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      • #18
        Data Plate versus actual build dates

        Here are some comments received from Alan Tast regarding this subject.

        2. I think you're wrong about the date in the upper left corner. My understanding is that this date is when the ROT was created, i.e. when information from the invoice was passed on to the people in charge of production and the teletype machines that spat out the ROTs.

        3. My understanding is that the data plates were stamped out at the same time that the ROTs were proudced, and held for installation toward the end of the final assembly line - when they were installed I have not narrowed this down yet. The VINs were stamped into the body prior to painting of the shell.

        4. What I have found on ROT codes can be found in VTCI's 1958-1960 Original Factory Specificatons Manual in part 8 - there are pages dedicated to code breakdowns for each of the three years of Squarebird production. I've been researching this topic since the '80s and still do not have closure as to what all the codes mean.

        The best that can be done in figuring out what the Misc boxes referenced is to compare cars against the ROTs assigned to them to determine what options were installed: however, the problem still exists in determining some of the miscellaneous items such as may be related to preparation, financing/leasing codes, or other production scheduling information. Without invoices to comapre against, it's virtually impossible to know what these codes are unless there is something that can be uncovered in Ford's archives.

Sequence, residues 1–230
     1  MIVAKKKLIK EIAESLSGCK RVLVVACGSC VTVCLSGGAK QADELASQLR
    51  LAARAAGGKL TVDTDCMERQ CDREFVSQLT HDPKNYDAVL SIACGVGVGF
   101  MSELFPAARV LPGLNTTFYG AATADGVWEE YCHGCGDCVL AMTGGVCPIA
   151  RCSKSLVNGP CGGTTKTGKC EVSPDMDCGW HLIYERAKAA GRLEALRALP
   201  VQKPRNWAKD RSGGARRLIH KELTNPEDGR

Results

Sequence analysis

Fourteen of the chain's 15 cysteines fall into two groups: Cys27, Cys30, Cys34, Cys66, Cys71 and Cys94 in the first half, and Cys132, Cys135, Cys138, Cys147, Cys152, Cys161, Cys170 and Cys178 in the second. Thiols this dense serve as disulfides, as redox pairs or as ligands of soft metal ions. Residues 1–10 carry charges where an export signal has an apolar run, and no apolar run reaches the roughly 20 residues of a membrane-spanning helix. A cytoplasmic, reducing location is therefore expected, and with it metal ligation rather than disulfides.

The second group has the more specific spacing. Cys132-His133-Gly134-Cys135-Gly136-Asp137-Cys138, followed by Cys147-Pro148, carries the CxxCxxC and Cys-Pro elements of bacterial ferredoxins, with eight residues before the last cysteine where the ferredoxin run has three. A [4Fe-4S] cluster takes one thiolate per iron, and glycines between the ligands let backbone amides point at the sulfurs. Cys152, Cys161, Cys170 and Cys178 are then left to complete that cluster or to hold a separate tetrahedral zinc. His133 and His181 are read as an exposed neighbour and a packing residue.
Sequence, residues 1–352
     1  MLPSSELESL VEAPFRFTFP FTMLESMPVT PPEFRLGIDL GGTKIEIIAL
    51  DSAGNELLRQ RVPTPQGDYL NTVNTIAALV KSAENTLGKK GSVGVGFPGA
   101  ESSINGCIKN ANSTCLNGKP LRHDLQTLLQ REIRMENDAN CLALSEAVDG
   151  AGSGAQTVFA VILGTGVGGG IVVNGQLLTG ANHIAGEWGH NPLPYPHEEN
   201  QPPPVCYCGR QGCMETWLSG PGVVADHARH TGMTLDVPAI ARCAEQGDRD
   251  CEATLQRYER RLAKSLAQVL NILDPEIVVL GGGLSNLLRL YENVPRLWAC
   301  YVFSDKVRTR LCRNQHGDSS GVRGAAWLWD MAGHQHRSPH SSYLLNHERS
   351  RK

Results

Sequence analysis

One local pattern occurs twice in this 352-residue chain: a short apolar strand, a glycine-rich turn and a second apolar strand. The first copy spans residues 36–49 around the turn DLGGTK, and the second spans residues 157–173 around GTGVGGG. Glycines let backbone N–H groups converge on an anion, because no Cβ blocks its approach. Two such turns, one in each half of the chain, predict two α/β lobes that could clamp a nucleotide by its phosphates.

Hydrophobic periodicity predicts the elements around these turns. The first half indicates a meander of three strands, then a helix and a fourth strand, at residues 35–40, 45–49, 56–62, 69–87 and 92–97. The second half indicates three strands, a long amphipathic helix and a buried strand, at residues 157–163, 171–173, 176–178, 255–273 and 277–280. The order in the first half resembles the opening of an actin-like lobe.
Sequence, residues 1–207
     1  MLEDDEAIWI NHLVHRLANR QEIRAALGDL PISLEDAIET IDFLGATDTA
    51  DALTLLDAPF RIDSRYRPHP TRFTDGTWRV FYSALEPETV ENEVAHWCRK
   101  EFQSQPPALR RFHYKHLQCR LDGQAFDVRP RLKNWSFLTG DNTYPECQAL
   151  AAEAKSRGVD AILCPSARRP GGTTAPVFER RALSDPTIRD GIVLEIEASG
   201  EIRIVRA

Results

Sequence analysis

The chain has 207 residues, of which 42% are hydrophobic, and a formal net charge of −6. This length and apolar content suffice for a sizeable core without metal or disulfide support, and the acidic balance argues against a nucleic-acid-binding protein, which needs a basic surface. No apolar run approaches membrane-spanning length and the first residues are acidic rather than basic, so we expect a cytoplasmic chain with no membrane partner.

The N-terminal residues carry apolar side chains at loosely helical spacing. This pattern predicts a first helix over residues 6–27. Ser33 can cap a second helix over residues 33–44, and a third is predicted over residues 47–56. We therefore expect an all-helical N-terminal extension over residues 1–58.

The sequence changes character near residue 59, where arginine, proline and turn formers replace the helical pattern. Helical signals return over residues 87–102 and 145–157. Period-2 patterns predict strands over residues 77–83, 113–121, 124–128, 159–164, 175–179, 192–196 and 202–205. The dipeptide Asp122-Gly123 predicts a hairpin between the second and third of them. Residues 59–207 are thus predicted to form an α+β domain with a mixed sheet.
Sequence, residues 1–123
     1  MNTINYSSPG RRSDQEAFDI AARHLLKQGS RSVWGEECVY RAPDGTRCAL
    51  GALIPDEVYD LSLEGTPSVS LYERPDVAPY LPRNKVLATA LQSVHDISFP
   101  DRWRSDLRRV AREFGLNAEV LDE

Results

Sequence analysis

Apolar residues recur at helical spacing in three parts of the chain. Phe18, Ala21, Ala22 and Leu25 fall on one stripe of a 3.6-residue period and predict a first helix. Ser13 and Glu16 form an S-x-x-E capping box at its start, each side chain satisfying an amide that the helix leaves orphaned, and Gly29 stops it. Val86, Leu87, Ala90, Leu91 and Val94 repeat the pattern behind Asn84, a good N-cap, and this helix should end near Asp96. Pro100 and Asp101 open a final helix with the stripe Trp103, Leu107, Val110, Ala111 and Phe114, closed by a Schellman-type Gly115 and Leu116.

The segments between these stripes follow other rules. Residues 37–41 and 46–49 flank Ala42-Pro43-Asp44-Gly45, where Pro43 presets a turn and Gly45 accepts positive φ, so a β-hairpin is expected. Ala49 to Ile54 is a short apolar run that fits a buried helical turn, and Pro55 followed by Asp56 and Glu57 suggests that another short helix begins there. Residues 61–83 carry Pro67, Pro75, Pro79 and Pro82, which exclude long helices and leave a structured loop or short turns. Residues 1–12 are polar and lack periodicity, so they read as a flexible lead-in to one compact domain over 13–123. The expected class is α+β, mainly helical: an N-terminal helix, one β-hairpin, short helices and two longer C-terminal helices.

I have been seeking production information for '58-'60 in order to update breakdowns that were used in my first book as well as in VTCI's '58-'60 OFS, as production by month for '58, '59, '60 and early '61 was not published in trade publications.

        Alan H. Tast, AIA
        Past President, Vintage Thunderbird Club Int'l.
        Author, "Thunderbird 1955-1966" & "Thunderbird 50 Years"

        I have been reading the VTCI OFS. (Official Factory Specifications). If you have the OFS you might want to read 07-7-2-4-id.pdf It has the breakdown of the data plate and the ROT sheet on it and many of the explanations we wonder about regarding those blocks. They dont know what all of them are used for but have identified many of them. We know it was used for both Lincoln and Tbird production. One thing it says off the bat for the '58-'60 Tbirds is that the date next to the ROT # at the top left hand on the form is this. DATE: Month and date on which production order was made/invoiced-NOT production date......
        Last edited by YellowRose; April 28th, 2009, 02:39 AM. Reason: Addtional comments